Nine key factors – all relating to non-gaming products and services – influenced the number of times a sample of mainland Chinese visited Macau in 2015, according to a research paper published by a University of Macau academic.
The paper is titled “Play, shop, eat, drink, reward, play – repeat. An assessment of the importance of non-gaming in Macau’s casino integrated resorts (IR) for mainland Chinese visitors”. It is to be delivered by Glenn McCartney, associate professor of international integrated resort management at the University of Macau, at a conference taking place in Bali, Indonesia, between May 31 and June 2.
“While gaming attractiveness remains central to IR success, within this the quality, range and availability of certain non-gaming factors, staff service and IR ambience can play a role in IR satisfaction, selection and revisit,” said Mr McCartney in the paper.
According to research contained in the study, the nine main factors that affected the number of visits to Macau by mainland Chinese were: ease of getting to the casino resort; the quality and price of food and drinks; the “ambience” of the resort; duty-free product pricing and the variety of such goods; seating comfort; events and entertainment; and convenience of smoking rooms.
The findings were based on a short questionnaire administered to mainland Chinese visitors to Cotai resorts in mid-2016. The guests were intercepted while boarding buses taking them away from the properties, according to the paper.
A valid sample of 326 sets of response was collected from Cotai casino properties: namely, the Venetian Macao, City of Dreams, Galaxy Macau and Studio City.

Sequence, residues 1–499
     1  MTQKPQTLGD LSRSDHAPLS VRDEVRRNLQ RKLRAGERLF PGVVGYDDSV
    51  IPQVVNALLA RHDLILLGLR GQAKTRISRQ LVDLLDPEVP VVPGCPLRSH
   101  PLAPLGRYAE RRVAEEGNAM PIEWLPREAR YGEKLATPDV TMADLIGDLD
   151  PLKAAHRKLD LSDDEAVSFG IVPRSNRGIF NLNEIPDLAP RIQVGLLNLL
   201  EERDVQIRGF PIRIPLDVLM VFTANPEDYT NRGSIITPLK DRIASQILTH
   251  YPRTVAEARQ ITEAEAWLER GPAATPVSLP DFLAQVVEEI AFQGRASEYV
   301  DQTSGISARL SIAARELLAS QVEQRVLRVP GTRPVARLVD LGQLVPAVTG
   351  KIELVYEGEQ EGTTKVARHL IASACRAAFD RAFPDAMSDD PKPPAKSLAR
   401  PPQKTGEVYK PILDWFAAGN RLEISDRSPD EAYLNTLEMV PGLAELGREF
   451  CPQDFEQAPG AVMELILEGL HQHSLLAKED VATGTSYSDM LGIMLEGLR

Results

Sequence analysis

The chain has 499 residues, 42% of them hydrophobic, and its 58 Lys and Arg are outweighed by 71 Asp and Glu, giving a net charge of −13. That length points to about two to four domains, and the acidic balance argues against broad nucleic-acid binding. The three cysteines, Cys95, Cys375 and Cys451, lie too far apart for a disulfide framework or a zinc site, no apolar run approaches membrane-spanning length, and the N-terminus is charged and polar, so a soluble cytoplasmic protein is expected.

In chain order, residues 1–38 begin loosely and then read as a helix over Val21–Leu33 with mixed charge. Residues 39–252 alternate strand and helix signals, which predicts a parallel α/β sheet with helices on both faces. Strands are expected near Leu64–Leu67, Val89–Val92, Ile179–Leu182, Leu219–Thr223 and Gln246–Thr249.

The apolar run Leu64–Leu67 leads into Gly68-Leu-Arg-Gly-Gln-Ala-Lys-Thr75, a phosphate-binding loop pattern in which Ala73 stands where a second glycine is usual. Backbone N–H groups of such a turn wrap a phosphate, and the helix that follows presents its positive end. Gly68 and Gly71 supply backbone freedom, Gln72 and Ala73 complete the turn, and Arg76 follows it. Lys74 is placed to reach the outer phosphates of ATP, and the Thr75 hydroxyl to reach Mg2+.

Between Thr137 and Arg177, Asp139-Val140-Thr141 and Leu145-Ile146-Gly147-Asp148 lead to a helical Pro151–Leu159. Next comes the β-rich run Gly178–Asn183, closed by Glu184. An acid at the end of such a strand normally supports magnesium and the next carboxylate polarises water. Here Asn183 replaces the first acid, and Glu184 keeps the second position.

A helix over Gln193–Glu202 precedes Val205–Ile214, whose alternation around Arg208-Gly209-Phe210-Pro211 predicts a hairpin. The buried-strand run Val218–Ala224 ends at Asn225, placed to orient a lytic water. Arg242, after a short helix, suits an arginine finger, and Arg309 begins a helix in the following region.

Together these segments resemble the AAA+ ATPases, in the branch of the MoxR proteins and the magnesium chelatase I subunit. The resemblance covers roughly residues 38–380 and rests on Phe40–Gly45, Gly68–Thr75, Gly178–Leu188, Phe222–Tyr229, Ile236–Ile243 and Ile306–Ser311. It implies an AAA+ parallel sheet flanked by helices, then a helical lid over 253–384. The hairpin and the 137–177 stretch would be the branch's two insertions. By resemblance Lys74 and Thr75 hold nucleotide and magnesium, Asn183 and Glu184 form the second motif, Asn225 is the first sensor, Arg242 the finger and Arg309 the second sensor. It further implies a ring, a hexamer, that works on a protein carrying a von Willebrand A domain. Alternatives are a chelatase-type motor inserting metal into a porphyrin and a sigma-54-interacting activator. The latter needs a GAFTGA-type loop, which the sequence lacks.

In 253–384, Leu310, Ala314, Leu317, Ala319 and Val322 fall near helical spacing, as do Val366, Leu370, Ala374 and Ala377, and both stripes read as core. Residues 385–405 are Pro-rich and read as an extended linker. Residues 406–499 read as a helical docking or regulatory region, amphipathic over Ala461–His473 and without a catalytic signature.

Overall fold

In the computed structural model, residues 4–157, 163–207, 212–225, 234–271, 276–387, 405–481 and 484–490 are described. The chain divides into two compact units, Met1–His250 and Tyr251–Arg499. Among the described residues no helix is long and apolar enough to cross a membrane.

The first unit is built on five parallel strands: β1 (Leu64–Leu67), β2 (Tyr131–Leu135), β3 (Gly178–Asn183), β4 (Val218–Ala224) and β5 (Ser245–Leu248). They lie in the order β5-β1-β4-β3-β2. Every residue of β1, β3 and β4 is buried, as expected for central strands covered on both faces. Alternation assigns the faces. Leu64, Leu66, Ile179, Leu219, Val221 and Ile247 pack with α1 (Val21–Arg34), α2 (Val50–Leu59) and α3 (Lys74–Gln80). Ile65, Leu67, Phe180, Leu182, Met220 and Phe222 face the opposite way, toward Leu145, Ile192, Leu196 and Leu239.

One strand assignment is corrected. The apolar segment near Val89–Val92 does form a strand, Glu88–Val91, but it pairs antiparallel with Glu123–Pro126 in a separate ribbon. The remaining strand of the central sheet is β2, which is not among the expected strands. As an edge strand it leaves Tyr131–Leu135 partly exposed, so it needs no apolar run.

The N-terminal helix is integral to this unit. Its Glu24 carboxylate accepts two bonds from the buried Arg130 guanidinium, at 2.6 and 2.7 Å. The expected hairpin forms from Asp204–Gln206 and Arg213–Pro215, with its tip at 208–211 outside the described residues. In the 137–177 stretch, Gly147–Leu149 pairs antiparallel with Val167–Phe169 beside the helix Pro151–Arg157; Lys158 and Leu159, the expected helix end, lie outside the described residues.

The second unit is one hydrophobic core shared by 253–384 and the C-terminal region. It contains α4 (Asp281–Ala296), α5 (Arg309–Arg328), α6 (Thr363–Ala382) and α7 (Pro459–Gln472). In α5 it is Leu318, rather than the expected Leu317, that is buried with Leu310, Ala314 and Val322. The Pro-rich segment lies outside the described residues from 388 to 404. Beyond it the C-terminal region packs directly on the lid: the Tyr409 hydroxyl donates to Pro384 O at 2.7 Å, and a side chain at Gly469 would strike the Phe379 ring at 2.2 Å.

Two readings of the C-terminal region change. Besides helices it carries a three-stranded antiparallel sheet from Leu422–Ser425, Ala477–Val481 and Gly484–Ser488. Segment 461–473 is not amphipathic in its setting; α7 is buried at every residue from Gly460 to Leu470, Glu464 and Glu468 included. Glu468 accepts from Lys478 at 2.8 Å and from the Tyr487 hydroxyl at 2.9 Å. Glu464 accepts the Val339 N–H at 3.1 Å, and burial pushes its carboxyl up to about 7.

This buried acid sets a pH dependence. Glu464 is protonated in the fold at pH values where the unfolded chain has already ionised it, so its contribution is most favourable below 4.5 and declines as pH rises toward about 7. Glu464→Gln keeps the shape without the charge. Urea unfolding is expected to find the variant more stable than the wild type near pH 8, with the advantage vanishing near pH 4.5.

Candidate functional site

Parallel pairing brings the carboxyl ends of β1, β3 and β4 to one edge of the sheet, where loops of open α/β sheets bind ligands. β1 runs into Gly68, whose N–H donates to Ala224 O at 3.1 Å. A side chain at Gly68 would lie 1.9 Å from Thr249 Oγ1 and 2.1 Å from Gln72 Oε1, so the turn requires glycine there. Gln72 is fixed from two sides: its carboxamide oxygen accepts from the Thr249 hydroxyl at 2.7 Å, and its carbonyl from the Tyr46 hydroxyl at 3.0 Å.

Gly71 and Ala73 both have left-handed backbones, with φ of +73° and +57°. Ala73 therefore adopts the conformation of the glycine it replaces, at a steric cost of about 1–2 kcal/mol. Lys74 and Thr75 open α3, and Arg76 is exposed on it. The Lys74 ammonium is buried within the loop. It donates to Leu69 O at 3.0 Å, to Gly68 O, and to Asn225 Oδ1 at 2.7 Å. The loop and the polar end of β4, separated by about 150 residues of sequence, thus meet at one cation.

Most of the mainland Chinese in the sample were female (59.1 percent) and below the age of 41 years (90.9 percent). For many a visit to Macau was a repeat one, with most of the respondents (74.1 percent) visiting Macau at least once in 2015. The majority (74.1 percent) had also visited other overseas destinations at least once in 2015.
“Importantly this research highlights the importance of non-gaming elements in the overall ongoing appeal of Macao’s IRs to its largest audience [mainland Chinese] and that greater strategic analysis and implementation could be done to better focus staff training – as well as marketing and promotional strategy and spending – on product development,” said Mr McCartney.
“While gaming attributes linked to slot [machine] and table [game] variety are important to visitation, non-gaming components such as duty free retail, event and entertainment, and food and beverage are having an impact on IR choice,” stated Mr McCartney. “Operational issues such as ease of getting to the IR and navigation inside the IR are important considerations too,” he added.
The paper is to be presented at the APacCHRIE Conference. The host body is officially known as the Asia-Pacific Council on Hotel, Restaurant, and Institutional Education.
(Updated at 6.47pm, May 27)
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